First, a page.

The restaurant itself is sleek - outside walls are practically floor to ceiling glass; the inside walls are white with some exposed brickwork and vibrant modern art. The tables are elegant: white and cream linens, modern flatware, and low floral arrangements. The staff is dressed, predictably, in black; unpredictably, the entire staff is composed of adorable young Frenchmen trained to cater to your every whim. Case in point - I arrived only semi-dressed. I could not completely zip my dress by myself; such is the burden of living alone. When I got there, they took my coat AND zipped my dress. Then, they showed me a selection of 5 person tables, from which I was allowed to choose (I chose the table with the highest ratio of radiators nearby!).
The food was...divine. There is no other word. To start with, they bring gorgeous mini baguettes and olive tapenade (which I do not eat). Then, they bring an "amuse bouche" gratuit - on the house. The amuse bouche for last night was a shellfish and carrot veloute - a very finely blended mixture of carrot, oysters, and cream.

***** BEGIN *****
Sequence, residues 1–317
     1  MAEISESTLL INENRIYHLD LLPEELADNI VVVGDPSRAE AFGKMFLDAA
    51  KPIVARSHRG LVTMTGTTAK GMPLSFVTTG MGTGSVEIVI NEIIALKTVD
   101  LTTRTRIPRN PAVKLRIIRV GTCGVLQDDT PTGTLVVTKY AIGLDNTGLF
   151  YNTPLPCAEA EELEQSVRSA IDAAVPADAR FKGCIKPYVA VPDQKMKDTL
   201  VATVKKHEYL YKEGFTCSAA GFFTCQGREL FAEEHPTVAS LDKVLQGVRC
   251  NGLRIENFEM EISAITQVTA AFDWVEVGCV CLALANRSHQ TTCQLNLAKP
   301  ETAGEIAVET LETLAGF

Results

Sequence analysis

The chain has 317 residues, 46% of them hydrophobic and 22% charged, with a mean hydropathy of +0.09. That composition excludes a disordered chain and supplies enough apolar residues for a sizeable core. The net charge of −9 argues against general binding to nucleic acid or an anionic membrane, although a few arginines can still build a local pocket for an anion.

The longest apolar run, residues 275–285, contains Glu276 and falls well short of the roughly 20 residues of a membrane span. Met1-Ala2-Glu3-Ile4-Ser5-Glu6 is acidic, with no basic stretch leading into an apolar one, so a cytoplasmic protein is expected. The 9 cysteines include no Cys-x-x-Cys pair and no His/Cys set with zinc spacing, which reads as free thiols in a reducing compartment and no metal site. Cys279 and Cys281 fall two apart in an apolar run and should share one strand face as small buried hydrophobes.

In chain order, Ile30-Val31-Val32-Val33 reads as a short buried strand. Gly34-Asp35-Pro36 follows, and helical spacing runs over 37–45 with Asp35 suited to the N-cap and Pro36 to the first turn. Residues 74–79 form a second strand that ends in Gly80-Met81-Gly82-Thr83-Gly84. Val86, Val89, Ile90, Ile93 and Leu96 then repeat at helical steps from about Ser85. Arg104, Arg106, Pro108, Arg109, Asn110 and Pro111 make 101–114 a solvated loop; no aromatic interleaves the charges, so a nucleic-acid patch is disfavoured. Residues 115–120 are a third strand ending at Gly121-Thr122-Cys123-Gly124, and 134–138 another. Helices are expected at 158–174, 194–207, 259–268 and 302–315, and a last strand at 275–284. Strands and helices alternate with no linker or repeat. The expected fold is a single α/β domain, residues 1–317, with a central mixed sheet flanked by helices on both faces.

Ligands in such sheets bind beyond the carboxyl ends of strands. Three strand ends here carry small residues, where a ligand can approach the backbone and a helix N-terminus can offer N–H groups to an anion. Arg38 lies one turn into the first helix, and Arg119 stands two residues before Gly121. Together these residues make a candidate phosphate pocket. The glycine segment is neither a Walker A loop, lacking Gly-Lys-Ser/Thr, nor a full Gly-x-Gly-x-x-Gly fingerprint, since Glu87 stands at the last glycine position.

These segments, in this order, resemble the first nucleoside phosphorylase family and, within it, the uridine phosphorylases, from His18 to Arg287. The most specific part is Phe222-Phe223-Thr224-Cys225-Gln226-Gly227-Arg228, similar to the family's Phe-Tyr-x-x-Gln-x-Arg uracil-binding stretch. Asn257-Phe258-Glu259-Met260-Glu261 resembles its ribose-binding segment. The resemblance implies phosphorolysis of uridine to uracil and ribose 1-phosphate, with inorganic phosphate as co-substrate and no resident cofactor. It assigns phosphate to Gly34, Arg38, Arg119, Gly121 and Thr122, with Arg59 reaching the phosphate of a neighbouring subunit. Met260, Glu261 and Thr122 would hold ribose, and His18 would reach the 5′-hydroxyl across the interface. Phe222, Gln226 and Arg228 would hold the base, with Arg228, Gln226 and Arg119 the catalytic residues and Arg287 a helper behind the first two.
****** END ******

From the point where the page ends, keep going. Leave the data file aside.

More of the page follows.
And that was all before ordering!
The menu was absolutely perfect - they had so many interesting and inspired options. Unfortunately, it isn't the kind of place where it's appropriate to photograph every course (nor was I with the kind of company where that is allowed), but I can, and will, describe what I enjoyed last night for you in great detail.
"Creme de chataignes et champignons grilles" - Cream of chestnuts and grilled mushroom soup
This soup was heavenly - salty and sweet, with a dollop of heavy cream right in the middle of a smooth, silky soup. There were lovely chunks of grilled mushrooms waiting at the bottom, as well.
"Faux filet d'Hereford et pommes paillassons a l'echalote" - Faux filet of Hereford beef with potato-shallot pancakes